Wisdom traditions existed throughout the Ancient Near East. Jewish teachers added their own insights and wove them into their own tradition. Wisdom was often personified as a Woman, who worked right alongside God in the creation and re-creation of the world.
In the book of Sirach, Wisdom says, “Come to me, you who desire me, and eat your fill of my fruits. For the memory of me is sweeter than honey, and the possession of me sweeter than honeycomb.”
Jesus samples these words from Wisdom, adding his own theme. He doesn’t seem all that interested in information, which is quite different than Wisdom. “Come to me, all you that are weary and are carrying heavy burdens, and I will give you rest.” This is where Wisdom is found.
It’s like one of those invitations to a party that says the only thing you need to bring is yourself.
You bring yourself, and all your heavy burdens. All you thought you knew. You walk towards Wisdom, toward the Christ. You give these burdens, like an offering, the only gift you have to give. You unstrap whatever heavy yoke has been around your neck. They and you are accepted without condition. You unlearn. There is no interrogation, no judgment.
You find sweet, necessary, soul-restoring rest. The Christ claims you. Mother Wisdom holds you near, like a child.
But this does come with a catch, if you want to call it that.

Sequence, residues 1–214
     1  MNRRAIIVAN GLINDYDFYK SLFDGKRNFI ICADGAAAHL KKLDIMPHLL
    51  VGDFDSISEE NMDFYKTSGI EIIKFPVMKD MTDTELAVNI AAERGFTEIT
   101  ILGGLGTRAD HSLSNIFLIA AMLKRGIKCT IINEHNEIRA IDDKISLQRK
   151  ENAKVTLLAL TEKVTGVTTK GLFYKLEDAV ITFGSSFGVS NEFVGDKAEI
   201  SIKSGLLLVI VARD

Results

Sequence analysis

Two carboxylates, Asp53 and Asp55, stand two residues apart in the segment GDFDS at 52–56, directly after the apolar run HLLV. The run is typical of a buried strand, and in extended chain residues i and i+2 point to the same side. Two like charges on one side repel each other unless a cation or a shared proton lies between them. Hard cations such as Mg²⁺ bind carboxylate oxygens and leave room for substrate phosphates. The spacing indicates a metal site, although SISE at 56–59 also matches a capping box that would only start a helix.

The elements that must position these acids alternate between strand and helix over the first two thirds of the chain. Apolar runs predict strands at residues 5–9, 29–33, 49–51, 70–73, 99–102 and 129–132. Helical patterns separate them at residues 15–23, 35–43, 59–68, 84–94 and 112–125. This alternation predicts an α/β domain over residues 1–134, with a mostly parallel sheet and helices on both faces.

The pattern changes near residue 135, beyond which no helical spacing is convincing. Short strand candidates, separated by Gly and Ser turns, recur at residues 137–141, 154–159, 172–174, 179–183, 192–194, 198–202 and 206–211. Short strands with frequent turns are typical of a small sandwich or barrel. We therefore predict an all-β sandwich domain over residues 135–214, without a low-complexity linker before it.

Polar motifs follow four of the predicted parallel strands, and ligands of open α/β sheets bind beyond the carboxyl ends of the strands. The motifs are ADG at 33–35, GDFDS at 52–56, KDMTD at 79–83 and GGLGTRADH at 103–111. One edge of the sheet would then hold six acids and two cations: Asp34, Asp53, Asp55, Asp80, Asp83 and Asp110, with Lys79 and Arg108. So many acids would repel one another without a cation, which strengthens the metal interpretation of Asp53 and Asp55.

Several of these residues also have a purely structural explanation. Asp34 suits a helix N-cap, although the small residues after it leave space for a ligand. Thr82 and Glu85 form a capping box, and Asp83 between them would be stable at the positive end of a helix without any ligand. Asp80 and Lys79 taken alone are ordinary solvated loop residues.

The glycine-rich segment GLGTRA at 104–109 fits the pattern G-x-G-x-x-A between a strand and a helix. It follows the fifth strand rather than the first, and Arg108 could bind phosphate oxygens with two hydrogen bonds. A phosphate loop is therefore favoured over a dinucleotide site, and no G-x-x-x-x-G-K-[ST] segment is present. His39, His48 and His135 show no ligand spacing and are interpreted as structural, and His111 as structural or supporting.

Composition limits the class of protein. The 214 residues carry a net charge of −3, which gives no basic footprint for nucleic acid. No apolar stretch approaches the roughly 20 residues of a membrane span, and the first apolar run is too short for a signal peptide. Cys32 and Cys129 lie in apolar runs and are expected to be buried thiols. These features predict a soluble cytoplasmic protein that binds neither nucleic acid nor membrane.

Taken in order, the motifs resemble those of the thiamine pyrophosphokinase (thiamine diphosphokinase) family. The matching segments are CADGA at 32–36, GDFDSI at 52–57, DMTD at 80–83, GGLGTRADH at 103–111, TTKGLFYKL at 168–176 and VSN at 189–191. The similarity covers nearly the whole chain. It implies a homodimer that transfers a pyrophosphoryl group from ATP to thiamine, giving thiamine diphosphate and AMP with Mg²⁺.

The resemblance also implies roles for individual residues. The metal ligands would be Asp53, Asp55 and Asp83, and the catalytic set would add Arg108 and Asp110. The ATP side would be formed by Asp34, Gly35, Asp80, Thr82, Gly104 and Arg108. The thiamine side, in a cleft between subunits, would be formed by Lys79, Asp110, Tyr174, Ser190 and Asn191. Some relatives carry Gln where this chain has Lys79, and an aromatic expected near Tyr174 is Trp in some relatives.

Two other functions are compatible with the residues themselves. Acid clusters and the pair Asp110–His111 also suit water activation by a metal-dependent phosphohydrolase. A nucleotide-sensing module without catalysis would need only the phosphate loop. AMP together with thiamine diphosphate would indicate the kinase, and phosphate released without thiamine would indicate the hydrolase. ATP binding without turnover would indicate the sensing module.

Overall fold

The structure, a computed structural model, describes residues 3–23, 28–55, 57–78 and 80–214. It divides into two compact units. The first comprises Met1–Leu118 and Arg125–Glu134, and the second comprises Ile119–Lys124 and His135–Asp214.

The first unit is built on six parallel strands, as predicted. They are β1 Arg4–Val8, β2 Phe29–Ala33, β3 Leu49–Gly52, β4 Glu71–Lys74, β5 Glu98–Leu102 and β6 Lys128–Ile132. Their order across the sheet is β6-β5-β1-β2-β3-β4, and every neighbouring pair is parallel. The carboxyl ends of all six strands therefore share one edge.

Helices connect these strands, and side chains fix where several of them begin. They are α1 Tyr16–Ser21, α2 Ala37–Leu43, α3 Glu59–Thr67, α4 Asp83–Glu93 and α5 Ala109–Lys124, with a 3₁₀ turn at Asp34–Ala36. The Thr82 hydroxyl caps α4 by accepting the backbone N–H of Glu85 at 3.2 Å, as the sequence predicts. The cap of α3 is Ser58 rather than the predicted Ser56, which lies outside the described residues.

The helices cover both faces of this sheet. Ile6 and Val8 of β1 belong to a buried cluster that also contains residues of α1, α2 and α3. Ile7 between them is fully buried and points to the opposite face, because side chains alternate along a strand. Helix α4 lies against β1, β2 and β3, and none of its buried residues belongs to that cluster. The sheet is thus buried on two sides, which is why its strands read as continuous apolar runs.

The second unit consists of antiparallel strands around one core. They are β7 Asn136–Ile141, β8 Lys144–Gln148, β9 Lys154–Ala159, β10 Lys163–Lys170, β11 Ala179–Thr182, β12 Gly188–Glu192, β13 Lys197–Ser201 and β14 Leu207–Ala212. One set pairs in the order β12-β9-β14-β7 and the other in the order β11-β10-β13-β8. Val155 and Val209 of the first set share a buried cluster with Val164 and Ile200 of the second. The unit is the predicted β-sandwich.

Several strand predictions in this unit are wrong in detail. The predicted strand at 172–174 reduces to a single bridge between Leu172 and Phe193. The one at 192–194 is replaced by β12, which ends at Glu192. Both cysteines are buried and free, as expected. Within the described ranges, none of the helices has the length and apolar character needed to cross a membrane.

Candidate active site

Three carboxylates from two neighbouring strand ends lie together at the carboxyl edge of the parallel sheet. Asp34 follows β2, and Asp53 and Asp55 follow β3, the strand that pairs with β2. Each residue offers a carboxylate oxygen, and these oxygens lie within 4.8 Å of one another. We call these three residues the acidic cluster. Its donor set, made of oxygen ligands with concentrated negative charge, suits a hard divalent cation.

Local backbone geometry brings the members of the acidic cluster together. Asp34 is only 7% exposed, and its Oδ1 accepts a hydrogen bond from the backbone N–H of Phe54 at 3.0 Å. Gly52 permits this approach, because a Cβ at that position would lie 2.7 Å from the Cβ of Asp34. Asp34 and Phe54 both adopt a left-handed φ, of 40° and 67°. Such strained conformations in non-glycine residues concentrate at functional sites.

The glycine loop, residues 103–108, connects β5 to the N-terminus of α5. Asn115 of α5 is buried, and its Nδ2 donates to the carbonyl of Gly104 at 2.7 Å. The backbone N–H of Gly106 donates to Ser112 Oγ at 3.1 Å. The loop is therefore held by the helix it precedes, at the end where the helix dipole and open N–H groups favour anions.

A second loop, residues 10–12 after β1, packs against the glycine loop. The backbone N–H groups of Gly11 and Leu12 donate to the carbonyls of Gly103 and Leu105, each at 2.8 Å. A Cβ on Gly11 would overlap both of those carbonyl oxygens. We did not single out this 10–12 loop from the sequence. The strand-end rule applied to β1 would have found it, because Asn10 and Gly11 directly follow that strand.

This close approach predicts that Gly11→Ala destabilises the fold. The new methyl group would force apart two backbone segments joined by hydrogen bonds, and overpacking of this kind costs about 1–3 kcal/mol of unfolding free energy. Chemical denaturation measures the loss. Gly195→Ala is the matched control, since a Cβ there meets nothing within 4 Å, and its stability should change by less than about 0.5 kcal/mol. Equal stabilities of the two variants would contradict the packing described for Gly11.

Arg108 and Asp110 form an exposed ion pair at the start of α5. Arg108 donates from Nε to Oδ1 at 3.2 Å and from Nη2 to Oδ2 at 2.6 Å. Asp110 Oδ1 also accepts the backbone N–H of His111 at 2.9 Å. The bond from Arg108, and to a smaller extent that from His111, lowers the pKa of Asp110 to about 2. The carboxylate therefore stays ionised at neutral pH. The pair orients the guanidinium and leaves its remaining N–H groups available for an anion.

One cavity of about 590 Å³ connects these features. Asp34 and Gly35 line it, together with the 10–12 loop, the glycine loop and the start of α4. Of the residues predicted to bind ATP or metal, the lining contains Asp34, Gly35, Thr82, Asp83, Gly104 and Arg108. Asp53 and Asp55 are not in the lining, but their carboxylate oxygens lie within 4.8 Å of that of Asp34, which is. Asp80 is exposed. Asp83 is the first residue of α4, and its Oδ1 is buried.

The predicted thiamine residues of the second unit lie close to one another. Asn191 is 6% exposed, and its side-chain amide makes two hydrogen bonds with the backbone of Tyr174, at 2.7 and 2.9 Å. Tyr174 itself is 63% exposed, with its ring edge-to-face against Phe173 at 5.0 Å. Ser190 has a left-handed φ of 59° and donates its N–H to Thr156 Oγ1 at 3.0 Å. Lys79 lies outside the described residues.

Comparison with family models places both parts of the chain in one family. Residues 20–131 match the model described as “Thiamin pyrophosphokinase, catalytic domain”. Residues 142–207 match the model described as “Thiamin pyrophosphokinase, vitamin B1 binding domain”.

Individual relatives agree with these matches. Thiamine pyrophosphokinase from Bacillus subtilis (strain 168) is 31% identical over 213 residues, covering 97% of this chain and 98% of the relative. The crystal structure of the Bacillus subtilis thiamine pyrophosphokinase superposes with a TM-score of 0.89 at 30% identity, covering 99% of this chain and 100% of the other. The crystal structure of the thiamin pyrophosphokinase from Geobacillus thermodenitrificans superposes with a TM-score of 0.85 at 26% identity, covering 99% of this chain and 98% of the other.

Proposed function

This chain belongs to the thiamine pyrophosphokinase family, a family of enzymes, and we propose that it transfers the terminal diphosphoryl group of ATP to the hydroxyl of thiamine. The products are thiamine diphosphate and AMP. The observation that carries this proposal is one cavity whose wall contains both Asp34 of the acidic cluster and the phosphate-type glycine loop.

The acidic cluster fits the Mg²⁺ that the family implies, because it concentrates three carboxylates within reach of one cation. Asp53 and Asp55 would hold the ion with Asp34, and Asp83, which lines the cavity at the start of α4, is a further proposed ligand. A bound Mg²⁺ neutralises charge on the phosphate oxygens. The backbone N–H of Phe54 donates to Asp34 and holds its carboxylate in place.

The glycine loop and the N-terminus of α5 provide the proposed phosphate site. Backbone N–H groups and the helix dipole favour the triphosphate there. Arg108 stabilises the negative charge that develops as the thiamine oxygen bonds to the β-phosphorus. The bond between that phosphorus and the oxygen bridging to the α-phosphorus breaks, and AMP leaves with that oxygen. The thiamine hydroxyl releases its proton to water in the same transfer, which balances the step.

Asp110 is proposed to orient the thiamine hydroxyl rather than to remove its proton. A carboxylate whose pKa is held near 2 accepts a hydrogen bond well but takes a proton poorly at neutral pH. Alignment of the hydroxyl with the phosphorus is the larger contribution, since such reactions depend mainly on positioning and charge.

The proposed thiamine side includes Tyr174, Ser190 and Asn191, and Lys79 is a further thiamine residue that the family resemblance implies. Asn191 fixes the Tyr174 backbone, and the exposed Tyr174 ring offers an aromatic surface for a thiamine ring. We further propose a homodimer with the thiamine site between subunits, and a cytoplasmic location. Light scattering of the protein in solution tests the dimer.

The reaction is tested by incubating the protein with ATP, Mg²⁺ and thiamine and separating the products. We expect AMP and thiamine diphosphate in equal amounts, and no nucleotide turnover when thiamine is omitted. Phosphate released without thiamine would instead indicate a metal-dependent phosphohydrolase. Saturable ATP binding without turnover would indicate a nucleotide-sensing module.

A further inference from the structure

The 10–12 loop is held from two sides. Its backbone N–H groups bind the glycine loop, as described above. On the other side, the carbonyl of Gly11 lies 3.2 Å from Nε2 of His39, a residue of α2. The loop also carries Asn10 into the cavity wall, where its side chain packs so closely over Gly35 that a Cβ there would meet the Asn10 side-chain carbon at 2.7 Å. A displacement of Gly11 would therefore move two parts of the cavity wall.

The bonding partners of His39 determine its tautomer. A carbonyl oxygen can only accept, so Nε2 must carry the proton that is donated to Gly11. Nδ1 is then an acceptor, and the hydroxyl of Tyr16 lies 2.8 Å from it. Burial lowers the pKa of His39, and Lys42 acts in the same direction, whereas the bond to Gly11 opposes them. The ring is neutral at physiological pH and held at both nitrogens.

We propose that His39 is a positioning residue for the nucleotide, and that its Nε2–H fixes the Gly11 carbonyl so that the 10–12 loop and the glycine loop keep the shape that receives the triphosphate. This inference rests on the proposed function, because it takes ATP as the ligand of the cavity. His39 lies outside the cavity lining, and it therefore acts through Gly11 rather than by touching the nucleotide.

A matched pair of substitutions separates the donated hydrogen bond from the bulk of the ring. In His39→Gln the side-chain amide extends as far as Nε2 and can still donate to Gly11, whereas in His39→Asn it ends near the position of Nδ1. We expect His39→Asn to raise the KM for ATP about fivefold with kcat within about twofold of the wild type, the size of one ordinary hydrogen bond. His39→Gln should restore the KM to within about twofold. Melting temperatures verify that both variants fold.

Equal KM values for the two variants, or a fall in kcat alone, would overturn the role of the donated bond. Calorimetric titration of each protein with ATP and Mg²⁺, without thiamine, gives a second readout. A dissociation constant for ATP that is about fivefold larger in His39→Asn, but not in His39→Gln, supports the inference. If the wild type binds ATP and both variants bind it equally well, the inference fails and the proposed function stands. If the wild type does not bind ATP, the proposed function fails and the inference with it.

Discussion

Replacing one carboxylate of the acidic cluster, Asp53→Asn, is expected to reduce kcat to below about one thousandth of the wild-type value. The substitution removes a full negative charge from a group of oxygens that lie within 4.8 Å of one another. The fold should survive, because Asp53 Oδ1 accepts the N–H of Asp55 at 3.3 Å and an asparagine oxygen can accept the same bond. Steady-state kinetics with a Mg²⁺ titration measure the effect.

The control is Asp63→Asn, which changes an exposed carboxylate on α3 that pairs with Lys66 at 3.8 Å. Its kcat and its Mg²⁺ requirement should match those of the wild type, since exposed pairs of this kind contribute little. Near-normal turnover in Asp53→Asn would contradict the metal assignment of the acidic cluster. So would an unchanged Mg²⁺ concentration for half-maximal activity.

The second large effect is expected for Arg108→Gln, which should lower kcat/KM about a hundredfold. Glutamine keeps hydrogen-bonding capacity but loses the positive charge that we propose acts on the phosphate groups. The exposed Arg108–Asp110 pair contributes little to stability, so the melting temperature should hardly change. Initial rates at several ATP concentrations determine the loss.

Jesus praises child-like openness to wisdom, then gives the invitation to rest, and then a another invitation. “Take my yoke upon you, and learn from me; for my yoke is good, and my burden is light.”
The Rabbis spoke often of the yoke of Torah. Those joyful obligations that one takes upon oneself. Another frequently referenced yoke was the yoke of foreign oppressors, like the Egyptians and Babylonians, and the Romans, who placed their own demands on the backs of the people.
The catch is that there is no yoke-free way to live. As we come of age and leave childhood, some of these burdens are forced onto us, not of our own choosing, and some we take up on our own.
The question is what kind of yoke will we bear? What yokes are we to throw off, and what yokes are we to accept as gifts, as invitations into necessary work?
Or, since even I who grew up on a farm with livestock have no memory of ever having used an actual yoke with cattle, to update the language a bit: To what are we attached? To what are we bound? Once we have unloaded our false sense of self, What is it we must carry through this world?